Following a good rainfall recorded in the catchment areas of the seven lakes that supply drinking water to Mumbai since first week of August, BMC on Wednesday announced that the water cut it had imposed will be relaxed by 10 per cent from Friday.
The BMC had imposed a 20 per cent water cut in the city from August 5 when the stock in the lakes was 37.26 per cent of the total capacity.
According to BMC data, the seven lakes currently have 12.3 lakh million litres water, which is 85.14 per cent of their full capacity of 14.47 lakh million litres. While last year, the stock was 94.28 per cent on August 19, it was 91.83 per cent in 2018 the same day.
“Owing to good rainfall, we have reduced the water cut to 10 per cent. There is over one month of monsoon left and the stock is expected to rise further,” said Additional Municipal Commissioner (Projects) P Velrasu, also in charge of the hydraulics department.
Mumbai requires 4,200 million litres of water daily (MLD), of which the BMC supplies 3,800 MLD.
The city draws water from Bhatsa, Middle Vaitarna, Upper Vaitarna, Tansa and Modak Sagar lakes, located in Thane and Nashik districts.
Though Mumbai received heavy showers in July, rainfall in the catchment areas of these five lakes was very poor. The remaining two, Tulsi and Vihar lakes, are situated within the city limits.
Modak Sagar lake started overflowing on Tuesday, the third lake to overflow this monsoon. The first to fill up was Tulsi lake, which started overflowing on July 28 and then Vihar lake on August 5. Last year, the three lakes had started overflowing by July 30.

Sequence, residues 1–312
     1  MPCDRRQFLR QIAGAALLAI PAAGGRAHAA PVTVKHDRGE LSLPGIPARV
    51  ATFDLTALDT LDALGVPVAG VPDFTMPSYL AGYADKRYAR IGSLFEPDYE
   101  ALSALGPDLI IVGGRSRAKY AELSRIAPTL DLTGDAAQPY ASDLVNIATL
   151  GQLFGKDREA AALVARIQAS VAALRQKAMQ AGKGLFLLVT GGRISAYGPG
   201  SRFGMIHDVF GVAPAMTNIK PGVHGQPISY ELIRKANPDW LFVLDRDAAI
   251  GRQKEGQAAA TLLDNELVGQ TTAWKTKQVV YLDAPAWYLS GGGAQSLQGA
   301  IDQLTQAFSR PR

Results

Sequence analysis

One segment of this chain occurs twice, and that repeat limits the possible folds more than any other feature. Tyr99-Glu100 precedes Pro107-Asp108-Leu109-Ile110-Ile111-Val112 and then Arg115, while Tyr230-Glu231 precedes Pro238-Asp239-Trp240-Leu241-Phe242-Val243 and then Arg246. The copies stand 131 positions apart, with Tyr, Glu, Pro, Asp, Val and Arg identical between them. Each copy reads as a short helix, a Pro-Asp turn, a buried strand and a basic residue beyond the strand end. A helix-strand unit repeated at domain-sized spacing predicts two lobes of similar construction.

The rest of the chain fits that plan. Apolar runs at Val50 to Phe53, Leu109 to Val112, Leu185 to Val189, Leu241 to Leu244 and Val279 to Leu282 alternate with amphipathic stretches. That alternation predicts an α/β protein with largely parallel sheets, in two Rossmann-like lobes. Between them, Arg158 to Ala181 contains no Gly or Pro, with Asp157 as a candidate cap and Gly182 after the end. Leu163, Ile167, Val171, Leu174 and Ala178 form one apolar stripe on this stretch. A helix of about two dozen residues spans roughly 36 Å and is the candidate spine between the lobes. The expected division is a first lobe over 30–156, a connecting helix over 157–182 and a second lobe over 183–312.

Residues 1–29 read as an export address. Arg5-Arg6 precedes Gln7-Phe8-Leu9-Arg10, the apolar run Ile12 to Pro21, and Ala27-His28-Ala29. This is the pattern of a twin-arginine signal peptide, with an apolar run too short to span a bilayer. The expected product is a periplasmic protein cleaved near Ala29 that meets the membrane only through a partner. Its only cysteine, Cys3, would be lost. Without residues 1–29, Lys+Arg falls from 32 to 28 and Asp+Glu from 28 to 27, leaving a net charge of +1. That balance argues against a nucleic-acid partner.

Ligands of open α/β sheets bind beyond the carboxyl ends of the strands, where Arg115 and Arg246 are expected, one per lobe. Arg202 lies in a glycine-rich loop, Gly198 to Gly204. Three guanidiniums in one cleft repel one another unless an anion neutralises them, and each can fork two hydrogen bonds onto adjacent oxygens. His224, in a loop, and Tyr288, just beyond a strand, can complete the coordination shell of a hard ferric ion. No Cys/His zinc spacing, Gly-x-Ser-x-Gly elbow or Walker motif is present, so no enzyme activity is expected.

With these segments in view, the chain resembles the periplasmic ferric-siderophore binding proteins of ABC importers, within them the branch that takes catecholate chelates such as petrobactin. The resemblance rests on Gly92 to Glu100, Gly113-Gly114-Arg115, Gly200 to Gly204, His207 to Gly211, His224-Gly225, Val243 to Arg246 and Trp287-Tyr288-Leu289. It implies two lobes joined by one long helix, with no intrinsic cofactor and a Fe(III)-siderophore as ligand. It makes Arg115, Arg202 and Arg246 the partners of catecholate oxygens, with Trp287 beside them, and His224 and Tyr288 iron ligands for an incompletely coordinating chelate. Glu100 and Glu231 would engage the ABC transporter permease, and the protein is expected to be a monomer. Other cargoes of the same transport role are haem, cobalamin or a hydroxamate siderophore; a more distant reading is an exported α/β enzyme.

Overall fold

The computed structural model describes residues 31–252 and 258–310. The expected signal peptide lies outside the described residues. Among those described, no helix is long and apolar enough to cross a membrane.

Bhatsa lake, the major supplier of water to Mumbai, is currently at 83.38 per cent (597863 million litres) of its capacity. It also supplies water to neighbouring cities of Thane and Bhiwandi.
The BMC had imposed a 10 per cent water cut in quantity and a 15 per cent cut in supply timings in November 2018, when the stock stood at 76 per cent. It had then announced that the cut would remain in place till the monsoon in 2019. After a good rain, the cut was revoked last July.
The biggest water cut – 25 per cent – was imposed in 2014, followed by 20 per cent each in 2015 and 2016. Subsequently, a good monsoon resulted in a smooth summer in 2017.
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